`radar2cental`

A function to transform a track in the radar state-space to a track in the central state-space.

function centralTrack = radar2central(radarTrack) % Initialize a track of the correct state size centralTrack = objectTrack('State',zeros(10,1),... 'StateCovariance',eye(10)); % Sync properties of radarTrack except State and StateCovariance with % radarTrack See syncTrack defined below. centralTrack = syncTrack(centralTrack,radarTrack); xRadar = radarTrack.State; PRadar = radarTrack.StateCovariance; H = zeros(10,7); % Radar to central linear transformation matrix H(1,1) = 1; H(2,2) = 1; H(3,3) = 1; H(4,4) = 1; H(5,5) = 1; H(8,6) = 1; H(9,7) = 1; xCentral = H*xRadar; % Linear state transformation PCentral = H*PRadar*H'; % Linear covariance transformation PCentral([6 7 10],[6 7 10]) = eye(3); % Unobserved states % Set state and covariance of central track centralTrack.State = xCentral; centralTrack.StateCovariance = PCentral; end

`central2radar`

A function to transform a track in the central state-space to a track in the radar state-space.

function radarTrack = central2radar(centralTrack) % Initialize a track of the correct state size radarTrack = objectTrack('State',zeros(7,1),... 'StateCovariance',eye(7)); % Sync properties of centralTrack except State and StateCovariance with % radarTrack See syncTrack defined below. radarTrack = syncTrack(radarTrack,centralTrack); xCentral = centralTrack.State; PCentral = centralTrack.StateCovariance; H = zeros(7,10); % Central to radar linear transformation matrix H(1,1) = 1; H(2,2) = 1; H(3,3) = 1; H(4,4) = 1; H(5,5) = 1; H(6,8) = 1; H(7,9) = 1; xRadar = H*xCentral; % Linear state transformation PRadar = H*PCentral*H'; % Linear covariance transformation % Set state and covariance of radar track radarTrack.State = xRadar; radarTrack.StateCovariance = PRadar; end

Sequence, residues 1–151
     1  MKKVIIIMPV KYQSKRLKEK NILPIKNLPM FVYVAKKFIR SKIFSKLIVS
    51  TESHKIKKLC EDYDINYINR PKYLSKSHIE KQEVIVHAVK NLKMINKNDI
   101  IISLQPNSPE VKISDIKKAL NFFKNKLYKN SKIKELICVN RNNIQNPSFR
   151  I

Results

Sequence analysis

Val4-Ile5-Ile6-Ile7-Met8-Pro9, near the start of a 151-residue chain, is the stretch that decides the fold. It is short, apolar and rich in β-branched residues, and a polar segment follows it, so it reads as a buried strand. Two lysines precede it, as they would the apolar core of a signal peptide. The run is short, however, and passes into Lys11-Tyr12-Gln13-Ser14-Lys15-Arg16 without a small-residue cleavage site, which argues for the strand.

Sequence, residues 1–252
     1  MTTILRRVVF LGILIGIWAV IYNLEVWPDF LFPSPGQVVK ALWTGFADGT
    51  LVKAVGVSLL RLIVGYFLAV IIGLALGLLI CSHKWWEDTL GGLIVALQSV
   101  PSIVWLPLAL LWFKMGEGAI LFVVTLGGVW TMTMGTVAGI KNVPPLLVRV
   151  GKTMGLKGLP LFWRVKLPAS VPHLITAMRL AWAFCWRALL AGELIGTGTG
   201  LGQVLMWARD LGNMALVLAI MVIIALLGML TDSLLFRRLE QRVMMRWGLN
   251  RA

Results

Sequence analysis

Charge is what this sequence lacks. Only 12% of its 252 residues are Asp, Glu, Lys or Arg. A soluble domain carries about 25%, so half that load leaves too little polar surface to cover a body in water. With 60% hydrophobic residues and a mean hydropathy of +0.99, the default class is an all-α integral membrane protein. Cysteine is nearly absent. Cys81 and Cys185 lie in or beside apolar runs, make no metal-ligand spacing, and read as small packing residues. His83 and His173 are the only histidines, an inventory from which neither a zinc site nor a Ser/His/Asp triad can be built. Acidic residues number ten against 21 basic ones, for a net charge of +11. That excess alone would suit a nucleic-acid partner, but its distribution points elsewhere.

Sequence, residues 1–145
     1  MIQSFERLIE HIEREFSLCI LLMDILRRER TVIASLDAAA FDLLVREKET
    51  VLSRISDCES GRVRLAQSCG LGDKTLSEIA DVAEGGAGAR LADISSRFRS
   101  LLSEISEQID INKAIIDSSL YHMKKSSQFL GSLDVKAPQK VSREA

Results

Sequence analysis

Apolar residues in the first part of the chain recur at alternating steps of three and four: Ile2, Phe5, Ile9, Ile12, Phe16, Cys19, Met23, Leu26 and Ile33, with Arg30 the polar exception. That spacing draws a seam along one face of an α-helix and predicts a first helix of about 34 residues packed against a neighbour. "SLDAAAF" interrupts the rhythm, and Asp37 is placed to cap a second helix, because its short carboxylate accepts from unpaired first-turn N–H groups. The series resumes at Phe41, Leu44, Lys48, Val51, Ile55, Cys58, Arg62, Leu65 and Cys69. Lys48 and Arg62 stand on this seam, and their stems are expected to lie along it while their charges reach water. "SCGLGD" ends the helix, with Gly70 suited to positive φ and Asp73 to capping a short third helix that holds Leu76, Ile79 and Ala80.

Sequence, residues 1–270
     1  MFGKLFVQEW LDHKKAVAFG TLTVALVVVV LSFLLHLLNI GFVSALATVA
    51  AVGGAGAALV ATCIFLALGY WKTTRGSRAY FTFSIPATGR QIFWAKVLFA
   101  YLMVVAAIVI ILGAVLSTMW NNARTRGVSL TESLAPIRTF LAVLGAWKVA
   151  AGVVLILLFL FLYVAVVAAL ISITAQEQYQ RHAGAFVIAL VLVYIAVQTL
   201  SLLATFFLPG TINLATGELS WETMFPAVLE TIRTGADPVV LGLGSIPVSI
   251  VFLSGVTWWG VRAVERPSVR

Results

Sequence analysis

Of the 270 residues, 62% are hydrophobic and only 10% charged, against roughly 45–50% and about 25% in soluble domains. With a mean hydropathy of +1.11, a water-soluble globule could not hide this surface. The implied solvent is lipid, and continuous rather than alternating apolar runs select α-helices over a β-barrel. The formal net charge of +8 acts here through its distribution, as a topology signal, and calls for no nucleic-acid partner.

`syncTrack`

A function to syncs properties of one track with another except the "State" and "StateCovariance" property

function tr1 = syncTrack(tr1,tr2) props = properties(tr1); notState = ~strcmpi(props,'State'); notCov = ~strcmpi(props,'StateCovariance'); props = props(notState & notCov); for i = 1:numel(props) tr1.(props{i}) = tr2.(props{i}); end end

`pose`

A function to return pose of the ego vehicle as a structure.

function egoPose = pose(egoVehicle) egoPose.Position = egoVehicle.Position; egoPose.Velocity = egoVehicle.Velocity; egoPose.Yaw = egoVehicle.Yaw; egoPose.Pitch = egoVehicle.Pitch; egoPose.Roll = egoVehicle.Roll; end

`helperLidarDistance`

Function to calculate a normalized distance between the estimate of a track in radar state-space and the assigned ground truth.

function dist = helperLidarDistance(track, truth) % Calculate the actual values of the states estimated by the tracker % Center is different than origin and the trackers estimate the center rOriginToCenter = -truth.OriginOffset(:) + [0;0;truth.Height/2]; rot = quaternion([truth.Yaw truth.Pitch truth.Roll],'eulerd','ZYX','frame'); actPos = truth.Position(:) + rotatepoint(rot,rOriginToCenter')'; % Actual speed and z-rate actVel = [norm(truth.Velocity(1:2));truth.Velocity(3)]; % Actual yaw actYaw = truth.Yaw; % Actual dimensions. actDim = [truth.Length;truth.Width;truth.Height]; % Actual yaw rate actYawRate = truth.AngularVelocity(3); % Calculate error in each estimate weighted by the "requirements" of the % system. The distance specified using Mahalanobis distance in each aspect % of the estimate, where covariance is defined by the "requirements". This % helps to avoid skewed distances when tracks under/over report their % uncertainty because of inaccuracies in state/measurement models. % Positional error. estPos = track.State([1 2 6]); reqPosCov = 0.1*eye(3); e = estPos - actPos; d1 = sqrt(e'/reqPosCov*e); % Velocity error estVel = track.State([3 7]); reqVelCov = 5*eye(2); e = estVel - actVel; d2 = sqrt(e'/reqVelCov*e); % Yaw error estYaw = track.State(4); reqYawCov = 5; e = estYaw - actYaw; d3 = sqrt(e'/reqYawCov*e); % Yaw-rate error estYawRate = track.State(5); reqYawRateCov = 1; e = estYawRate - actYawRate; d4 = sqrt(e'/reqYawRateCov*e); % Dimension error estDim = track.State([8 9 10]); reqDimCov = eye(3); e = estDim - actDim; d5 = sqrt(e'/reqDimCov*e); % Total distance dist = d1 + d2 + d3 + d4 + d5; end

`helperRadarDistance`

Function to calculate a normalized distance between the estimate of a track in radar state-space and the assigned ground truth.